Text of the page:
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Subject: [OASIS Issue Tracker] (MQTT-536) Revocation of authority to publish and subscribe

    [ https://issues.oasis-open.org/browse/MQTT-536?page=com.atlassian.jira.plugin.system.issuetabpanels:comment-tabpanel&focusedCommentId=74344#comment-74344 ] 

Andrew Banks commented on MQTT-536:

There are other examples that could be mentioned:

1) A publisher is authorised to create a publication with a long expiry interval.
The administrator decides to shorten the maximum expiry interval of publications to reduce the storage used by long lived
undelivered messages. The administrator would also want to reduce the lifetime of any previously published messages.

2) A client creates a session with a long expiry interval. The administrator decides to limit the maximum session lifetime
so that he constrains the amount of storage used to keep long lived but unused sessions.

There will be many cases where an authorisation policy has to be made more restrictive so,
in addition to specific examples it is worth describing the generic problem...

ÂAuthorisation for
writing any of the saved state is sensitive to when it is performed. It is also possible that data
that was written in the past might need to be re written by an administrator if the authorisation 
policies are changed.

> Revocation of authority to publish and subscribe
> ------------------------------------------------
>                 Key: MQTT-536
>                 URL: https://issues.oasis-open.org/browse/MQTT-536
>             Project: OASIS Message Queuing Telemetry Transport (MQTT) TC
>          Issue Type: Bug
>          Components: SecuritySC
>    Affects Versions: 3.1.1, 5
>            Reporter: Ken Borgendale
>            Priority: Major
> From: "Jia, Yan" <yj15@iu.edu>From: "Jia, Yan" <yj15@iu.edu>
> Dear OASIS MQTT Technical Committee,
> We are a security research group. Recently we found a kind of security vulnerability about the authorization of clients by the server, which affects many popular MQTT server implementations. Specifically, because of the inadequate understanding of the message sending/receiving mechanism in MQTT, a client once gains the rights could still publish or receive messages from the broker after its rights are revoked.
> The problem
> The problem occurs when a client is first granted the rights of PUBLISH, then its rights are revoked. The client publishes a retained message or registers a Will Message to a topic when it has right to, then its rights of that topic is revoked. However, the retained message or Will Message will still be published to clients that subscribe to that topic.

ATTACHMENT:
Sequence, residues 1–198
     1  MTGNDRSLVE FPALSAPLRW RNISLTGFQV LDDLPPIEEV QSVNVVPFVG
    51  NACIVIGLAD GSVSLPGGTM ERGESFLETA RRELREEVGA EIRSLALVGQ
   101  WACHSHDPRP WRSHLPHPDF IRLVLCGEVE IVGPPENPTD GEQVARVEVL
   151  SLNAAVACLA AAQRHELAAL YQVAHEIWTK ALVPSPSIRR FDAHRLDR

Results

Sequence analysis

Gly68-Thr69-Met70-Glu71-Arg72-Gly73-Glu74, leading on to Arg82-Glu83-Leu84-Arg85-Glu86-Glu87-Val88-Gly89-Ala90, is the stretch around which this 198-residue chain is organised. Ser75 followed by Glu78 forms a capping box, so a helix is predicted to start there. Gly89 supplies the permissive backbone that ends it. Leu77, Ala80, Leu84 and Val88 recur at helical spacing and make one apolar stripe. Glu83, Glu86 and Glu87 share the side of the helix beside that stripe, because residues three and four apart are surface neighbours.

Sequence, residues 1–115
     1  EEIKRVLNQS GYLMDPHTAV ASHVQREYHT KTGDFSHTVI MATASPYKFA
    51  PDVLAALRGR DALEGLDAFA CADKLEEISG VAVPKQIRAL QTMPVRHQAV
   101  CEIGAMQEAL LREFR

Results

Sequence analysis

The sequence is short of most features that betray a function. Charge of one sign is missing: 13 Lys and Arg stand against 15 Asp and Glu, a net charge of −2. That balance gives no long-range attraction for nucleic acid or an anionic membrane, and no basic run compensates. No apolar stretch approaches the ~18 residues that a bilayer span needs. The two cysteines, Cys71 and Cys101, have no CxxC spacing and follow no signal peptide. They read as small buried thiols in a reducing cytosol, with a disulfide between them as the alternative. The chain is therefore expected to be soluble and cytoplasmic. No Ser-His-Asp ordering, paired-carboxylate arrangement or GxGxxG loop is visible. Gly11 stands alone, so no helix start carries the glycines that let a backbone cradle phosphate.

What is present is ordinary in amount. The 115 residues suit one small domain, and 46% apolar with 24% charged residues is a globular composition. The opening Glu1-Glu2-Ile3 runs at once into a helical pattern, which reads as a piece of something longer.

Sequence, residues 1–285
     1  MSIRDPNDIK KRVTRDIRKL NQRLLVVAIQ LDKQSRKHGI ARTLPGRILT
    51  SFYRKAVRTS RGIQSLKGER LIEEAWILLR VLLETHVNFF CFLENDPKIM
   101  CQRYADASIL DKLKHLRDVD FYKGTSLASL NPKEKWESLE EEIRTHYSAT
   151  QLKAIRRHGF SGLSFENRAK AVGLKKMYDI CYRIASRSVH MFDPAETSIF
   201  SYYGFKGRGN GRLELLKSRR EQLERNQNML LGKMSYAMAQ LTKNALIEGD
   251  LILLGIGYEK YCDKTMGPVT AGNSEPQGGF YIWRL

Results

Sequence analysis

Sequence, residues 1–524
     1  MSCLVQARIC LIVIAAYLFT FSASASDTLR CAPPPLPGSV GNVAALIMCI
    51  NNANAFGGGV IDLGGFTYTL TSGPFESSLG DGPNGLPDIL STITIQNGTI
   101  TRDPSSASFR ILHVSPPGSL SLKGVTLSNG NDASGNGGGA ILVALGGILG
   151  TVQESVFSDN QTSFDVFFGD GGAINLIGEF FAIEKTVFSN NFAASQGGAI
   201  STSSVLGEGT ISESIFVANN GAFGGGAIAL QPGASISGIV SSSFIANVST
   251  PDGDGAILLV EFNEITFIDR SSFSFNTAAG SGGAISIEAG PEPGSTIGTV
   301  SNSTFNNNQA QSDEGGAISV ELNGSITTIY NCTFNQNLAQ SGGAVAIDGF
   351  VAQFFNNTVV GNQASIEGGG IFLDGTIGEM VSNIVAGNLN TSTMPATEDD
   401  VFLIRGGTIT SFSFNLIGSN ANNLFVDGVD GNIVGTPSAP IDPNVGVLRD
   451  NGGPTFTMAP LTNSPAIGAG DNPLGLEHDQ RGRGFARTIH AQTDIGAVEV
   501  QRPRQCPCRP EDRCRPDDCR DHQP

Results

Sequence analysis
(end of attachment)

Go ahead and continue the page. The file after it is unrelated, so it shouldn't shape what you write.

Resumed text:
> Similarly, the client firstly subscribes to a topic, then its right of SUBSCRIBE is revoked. This client is still able to receive messages from that topic if it keeps the MQTT session.
> Further analysis
> We found most MQTT server implementations normally authorize actions directly performed by the client soundly, which means that the normal PUBLISH and SUBSCRIBE messages will be denied immediately if a client does not have rights of corresponding topics. However, in the scenario above, the actions of delivering messages to the target device are triggered by events and performed by the broker server instead of the subject who performs the actions. This kind of action, if not authorized rigorously, will leave a security hole for attackers.
> Impact
> MQTT is one of the most popular messaging protocols in IoT. We find the legitimate usage rights of IoT devices can be transferred from the adversary to victim users, such as when the adversary checks out of hotel rooms, apartments, etc. equipped with IoT devices and then a victim user checks in. The reference [1-4] provides some evidence that hotels and apartments are installing IoT devices including the smart lock. Utilizing the attacks illustrated above, in this scenario, an attacker who stayed in a hotel room or apartment once can unlock the door and monitor device status when other guests live in the room later. The former userâs usage rights of the IoT device should have been revoked rigorously.
> The issues we discovered affect many major IoT cloud platforms, including AWS IoT, IBM Watson IoT, Tuya Smart, etc. who all acknowledged our findings. Eclipse Mosquitto assigned the retained message issue CVE-2018-12546 [5]. In addition, based on the problems mentioned above, we did successful PoC attacks on our real smart home devices.
> RecommendationWe hope the committee carefully consider our report. Meanwhile, we believe It would be helpful to build a secure MQTT system by reminding developers to take good care of the issues we reported in âChapter 5 Securityâ of MQTT 5 specification.
> If you need any further information, please feel free to let us know.
> Reference[1] https://newsroom.hilton.com/corporate/news/hilton-announces-connected-room-the-first-mobilecentric-hotel-room-to-begin-rollout-in-2018, 2017. Accessed: 2019-01.[2] https://learnairbnb.com/smart-home-technology/[3] https://www.the-ambient.com/guides/host-smart-airbnb-home-tech-217[4] https://www.remotelock.com/smart-locks-airbnb-hosts[5] [https://bugs.eclipse.org/bugs/show_bug.cgi?id=543127]
> Best Regards,
> Yan JIASchool of Cyber Engineering, Xidian UniversityNational Computer Network Intrusion Protection Center, University of Chinese Academy of SciencesIndiana University Bloomington
> Â

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